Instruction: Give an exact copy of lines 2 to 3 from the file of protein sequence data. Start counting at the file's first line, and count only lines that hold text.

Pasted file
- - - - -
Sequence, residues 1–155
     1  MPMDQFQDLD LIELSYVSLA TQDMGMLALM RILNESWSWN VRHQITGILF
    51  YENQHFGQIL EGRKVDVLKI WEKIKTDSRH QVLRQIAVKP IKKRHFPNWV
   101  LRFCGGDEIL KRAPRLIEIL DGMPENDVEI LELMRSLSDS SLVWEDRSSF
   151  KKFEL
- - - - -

     1  MPMDQFQDLD LIELSYVSLA TQDMGMLALM RILNESWSWN VRHQITGILF
    51  YENQHFGQIL EGRKVDVLKI WEKIKTDSRH QVLRQIAVKP IKKRHFPNWV